• If we have one of these situations, the teams have their choice of taking one of the 2 conference types noted above. They also have the right to have 3 attendants enter the field to take care of the players.
when can t teams have conferences
When Can’t Teams Have Conferences?
  • Following a touchdown
  • Following an unsuccessful field goal
  • Any time in overtime other than a charged time out or between overtime periods
  • In overtime, at the 3 minute intermission between the 4th period and the first overtime period, the teams are sent to their benches, so they can only have 1 type of conference. Overtime 3-1.
  • After we have additional overtime periods, there is a 2 minute intermission, and again the teams will be sent to their benches.
coach referee conference 3 5 11
Coach-referee conference (3-5-11)
  • A player can request and be granted a time-out for the purpose of the coach and the Referee reviewing a decision which may have resulted from the misapplication or misinterpretation of a rule, provided
    • The request is made prior to the ball becoming live following the play to be reviewed
    • The period has not officially ended.
  • Note that the manual on page 81 states that the Referee must ensure that neither coach has requested a coach-referee conference (End of period procedure I.C)
procedure for coach referee conference manual page 21
Procedure for Coach-Referee Conference ( Manual page 21)
  • 1. The request must be timely (see above).
  • 2. If the request is timely, the team that requests the conference is charged a time out (this is important!).
  • 3. The Referee, and the official on that team’s sideline, confer with the coach directly in front of the team box in the field of play.
  • 4. 2 possible outcomes:
  • a. The rule was correctly applied
  • b. The rule was not correctly applied
correctly applied ruling
Correctly Applied Ruling
  • The time-out remains charged to that team.
  • If they have no time-outs remaining, that team is charged with a delay of game foul. (3-6-2c)
  • By implication and by 3.5.2A, the length of the time-out is the same as for any other time out—1 minute.
incorrectly applied ruling
Incorrectly Applied Ruling
  • The correction is made immediately.
  • The time-out becomes an official’s time out, so the requesting team is not charged with a time-out.
  • The Referee will review and explain the situation with the opposing coach.
  • By 3.5.2A, the time-out is over once the Referee has made his ruling and explained it to the opposing coach.
situation 1 3 5 2a
SITUATION #1 (3.5.2A):
  • The captain of A requests a time-out and informs the referee that his coach wishes to have a conference concerning the previous play. During the conference: (a) the captain or all A players go near the sideline to confer with their coaches, or (b) the coach of B goes on the field to his team's huddle to confer.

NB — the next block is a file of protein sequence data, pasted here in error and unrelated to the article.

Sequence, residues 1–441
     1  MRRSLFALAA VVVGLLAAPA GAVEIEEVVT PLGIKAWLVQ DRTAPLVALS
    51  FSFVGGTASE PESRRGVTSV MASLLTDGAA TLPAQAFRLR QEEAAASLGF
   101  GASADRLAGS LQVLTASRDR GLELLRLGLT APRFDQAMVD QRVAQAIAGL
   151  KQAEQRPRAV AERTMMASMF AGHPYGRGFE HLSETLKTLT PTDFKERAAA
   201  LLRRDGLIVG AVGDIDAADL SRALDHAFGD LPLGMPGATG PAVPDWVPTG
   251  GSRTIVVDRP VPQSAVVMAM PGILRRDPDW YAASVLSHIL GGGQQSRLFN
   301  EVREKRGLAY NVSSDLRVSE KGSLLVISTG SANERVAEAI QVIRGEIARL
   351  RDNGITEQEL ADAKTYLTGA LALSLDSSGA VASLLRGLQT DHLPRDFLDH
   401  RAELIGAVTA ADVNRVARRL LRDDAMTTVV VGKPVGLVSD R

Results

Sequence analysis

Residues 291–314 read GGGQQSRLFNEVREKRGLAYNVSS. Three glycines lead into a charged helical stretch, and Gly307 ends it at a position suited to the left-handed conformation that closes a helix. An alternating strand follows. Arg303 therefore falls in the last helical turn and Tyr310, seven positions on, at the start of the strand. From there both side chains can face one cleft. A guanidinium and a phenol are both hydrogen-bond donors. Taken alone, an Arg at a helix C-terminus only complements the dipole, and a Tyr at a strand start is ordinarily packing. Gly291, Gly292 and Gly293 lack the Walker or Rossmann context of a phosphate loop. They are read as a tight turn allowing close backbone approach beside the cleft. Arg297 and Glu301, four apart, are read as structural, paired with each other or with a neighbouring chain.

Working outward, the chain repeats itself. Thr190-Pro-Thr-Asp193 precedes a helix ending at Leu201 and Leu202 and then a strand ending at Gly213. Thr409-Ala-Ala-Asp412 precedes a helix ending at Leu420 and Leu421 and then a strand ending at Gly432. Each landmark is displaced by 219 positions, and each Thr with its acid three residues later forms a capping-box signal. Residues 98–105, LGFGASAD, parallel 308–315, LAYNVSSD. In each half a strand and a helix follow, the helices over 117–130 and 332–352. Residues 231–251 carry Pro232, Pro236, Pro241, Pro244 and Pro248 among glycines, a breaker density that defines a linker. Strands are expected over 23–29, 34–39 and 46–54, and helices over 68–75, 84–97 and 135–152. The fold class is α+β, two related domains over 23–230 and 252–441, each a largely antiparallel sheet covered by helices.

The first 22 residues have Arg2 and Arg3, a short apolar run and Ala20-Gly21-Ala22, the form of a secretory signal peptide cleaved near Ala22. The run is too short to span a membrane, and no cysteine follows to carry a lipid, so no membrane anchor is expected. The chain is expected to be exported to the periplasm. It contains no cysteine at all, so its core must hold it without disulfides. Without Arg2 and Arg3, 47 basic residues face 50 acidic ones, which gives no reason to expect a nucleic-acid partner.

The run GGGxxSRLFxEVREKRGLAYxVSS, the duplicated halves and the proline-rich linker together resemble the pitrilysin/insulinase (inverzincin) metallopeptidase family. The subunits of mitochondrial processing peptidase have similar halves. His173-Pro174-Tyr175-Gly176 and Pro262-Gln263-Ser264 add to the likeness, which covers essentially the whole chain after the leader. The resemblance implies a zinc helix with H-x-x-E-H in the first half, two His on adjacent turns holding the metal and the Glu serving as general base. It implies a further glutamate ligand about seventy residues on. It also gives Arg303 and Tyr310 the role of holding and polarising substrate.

• RULING: Permissible in both (a) and (b). The time-out, when granted, is charged to A, thus legalizing the conferences. If the official has erred and a correction is made, the conference in both (a) and (b) is terminated. In that case, the time-out is not charged to A, but is an official's time-out. If the coach is in error, the time-out remains charged to A. (2-6; 3-5-2c)
situation 2 3 5 4
SITUATION #2 (3.5.4):
  • Near the end of the second period, A requests and is granted a charged time-out. After both teams are ready to play, A comes to the line of scrimmage in an unusual formation. The captain of B immediately requests a time-out which is granted. At the end of this time-out period, when A comes to the line of scrimmage again, A1 notices B has adjusted its defense. A1 then requests a second charged time-out during the same dead-ball period.
  • RULING: If A has time-outs remaining, the referee will grant the request for the charged time-out. Successive time-outs by the same team, or by one team followed by the other team, are permissible.
situation 3 3 5 7
SITUATION #3 (3.5.7):
  • During a charged time-out, an official's time-out for heat/humidity, a TV/radio time-out, or the intermission between the first and second or the third and fourth periods, or following a try: (a) team members of A confer with their head coach in front of the team box near the sideline; or (b) the coach of B goes to the huddle of B and talks to an assistant via a headset he brought to the huddle; or (c) the coach of B goes on the field and uses the time to berate and loudly question the referee regarding a previous play; or (d) the coach wishes to discuss the previous play with the referee; or (e) the head coach of A goes to the team huddle on the field for 30 seconds and then comes out and another coach takes his place for the rest of the time-out.
situation 3 3 5 723
SITUATION #3 (3.5.7):